The Necessity of a Common Seal in Singapore

by Matthew Davies

After getting a company incorporated in Singapore, there are several administrative steps that a company must go through so that it can finally fully operate. These administrative steps revolve around regulations, and one of them is getting the company a seal, more often known as common seal or company seal.

A common seal is a metallic and ink-free tool that is used to emboss the company name and registration on official documents. Although the company’s name is the bare minimum, it is also important to include the company’s registration number as well.

A common seal is widely used by many Singapore companies. Originally, it was more common among law firms or corporations. But over the years, it had become the necessity for general companies. A common seal is the official mark of companies and it serves as the signature of the company instead of representing only one person. A common seal is required for the release of legal and official documents from one corporation as it cannot be authorized by one individual.

However, from 31st March 2017 onwards, companies and limited liability partnerships (LLPs) in Singapore are no longer obliged to use the common seal for documents as a deed or other types of documents, for example, share certificates. Instead, Singapore companies and LLPs can execute documents simply by having them signed by a person of authority in the company and LLPs.

The authorized person for companies includes the company director and secretary, or two directors of a company, or a director of a company with a witness who can attest the signature given.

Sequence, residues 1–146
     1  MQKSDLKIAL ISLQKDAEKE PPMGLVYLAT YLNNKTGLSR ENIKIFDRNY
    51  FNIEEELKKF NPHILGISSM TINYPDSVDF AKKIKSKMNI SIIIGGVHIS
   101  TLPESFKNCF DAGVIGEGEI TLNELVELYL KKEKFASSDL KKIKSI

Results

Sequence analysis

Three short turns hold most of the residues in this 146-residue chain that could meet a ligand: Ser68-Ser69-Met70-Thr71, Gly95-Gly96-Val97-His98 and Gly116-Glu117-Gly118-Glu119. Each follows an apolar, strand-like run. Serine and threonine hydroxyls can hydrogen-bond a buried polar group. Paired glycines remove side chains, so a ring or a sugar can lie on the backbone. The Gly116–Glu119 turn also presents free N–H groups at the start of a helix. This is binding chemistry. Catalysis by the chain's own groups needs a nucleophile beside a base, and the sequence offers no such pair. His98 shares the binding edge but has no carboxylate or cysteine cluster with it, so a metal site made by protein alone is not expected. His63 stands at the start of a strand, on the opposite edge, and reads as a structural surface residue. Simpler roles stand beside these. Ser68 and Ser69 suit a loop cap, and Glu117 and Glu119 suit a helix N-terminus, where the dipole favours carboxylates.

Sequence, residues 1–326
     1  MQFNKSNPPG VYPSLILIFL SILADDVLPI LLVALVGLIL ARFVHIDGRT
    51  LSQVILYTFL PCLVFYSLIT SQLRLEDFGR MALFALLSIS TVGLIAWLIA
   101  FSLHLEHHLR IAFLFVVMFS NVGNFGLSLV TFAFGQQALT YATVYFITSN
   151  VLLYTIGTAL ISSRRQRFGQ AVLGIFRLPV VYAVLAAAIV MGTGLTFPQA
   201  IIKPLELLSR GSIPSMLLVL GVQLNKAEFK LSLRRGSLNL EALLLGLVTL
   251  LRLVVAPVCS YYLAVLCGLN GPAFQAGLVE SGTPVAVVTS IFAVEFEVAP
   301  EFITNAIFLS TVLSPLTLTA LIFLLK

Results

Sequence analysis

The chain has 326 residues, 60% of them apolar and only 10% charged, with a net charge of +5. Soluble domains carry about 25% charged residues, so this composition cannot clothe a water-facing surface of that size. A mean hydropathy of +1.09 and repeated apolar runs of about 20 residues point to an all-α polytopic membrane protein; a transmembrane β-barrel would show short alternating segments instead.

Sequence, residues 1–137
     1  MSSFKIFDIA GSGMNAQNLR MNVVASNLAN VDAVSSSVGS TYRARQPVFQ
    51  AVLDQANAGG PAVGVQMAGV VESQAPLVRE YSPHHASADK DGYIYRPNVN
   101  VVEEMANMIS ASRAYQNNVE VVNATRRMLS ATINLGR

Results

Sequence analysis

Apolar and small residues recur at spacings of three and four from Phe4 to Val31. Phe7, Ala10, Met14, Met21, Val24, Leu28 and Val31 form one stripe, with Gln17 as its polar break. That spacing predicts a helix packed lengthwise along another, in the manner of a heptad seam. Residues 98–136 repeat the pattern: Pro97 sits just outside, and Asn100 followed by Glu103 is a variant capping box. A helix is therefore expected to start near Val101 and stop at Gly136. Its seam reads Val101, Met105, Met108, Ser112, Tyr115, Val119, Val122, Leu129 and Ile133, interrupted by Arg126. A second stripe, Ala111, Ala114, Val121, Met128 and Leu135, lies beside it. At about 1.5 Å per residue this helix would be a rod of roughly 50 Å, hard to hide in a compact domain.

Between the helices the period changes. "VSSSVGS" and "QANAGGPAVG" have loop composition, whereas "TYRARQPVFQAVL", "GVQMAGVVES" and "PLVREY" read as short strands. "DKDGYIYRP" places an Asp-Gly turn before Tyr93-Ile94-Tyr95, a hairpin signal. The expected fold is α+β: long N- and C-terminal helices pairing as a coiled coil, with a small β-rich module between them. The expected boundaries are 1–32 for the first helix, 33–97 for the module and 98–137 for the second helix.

For LLPs, the authorized people are two partners of the LLP or a partner of the LLP in the presence of a witness who can attest the signature.

Now the question is, do Singaporean companies and LLPs still need a common seal? The common seal has now become optional. However, there are still times that it is needed. For instance, a common seal would be required for government documentation, and it may even be required by courier companies, utility, or telephone bills for the purpose of authorization.

The decision of whether a company would still use a common seal or not depends on the directors of the company. They have the authority to decide if a company document may be executed without common seal as well as the other way around. And it is important to underline that a line from the law of Section 41C states that “Where any written law or rule of law requires any document to be under or executed under the common seal of a company,” thus supposedly, in certain conditions, a common seal may still come in handy. Although in general, as long as the document of the company still is allowed to be executed under the sign of authorized people, then it is completely fine to not use a common seal. At the end of the day, it still is not a waste to spend some money into creating a proper common seal for your company.

You may also like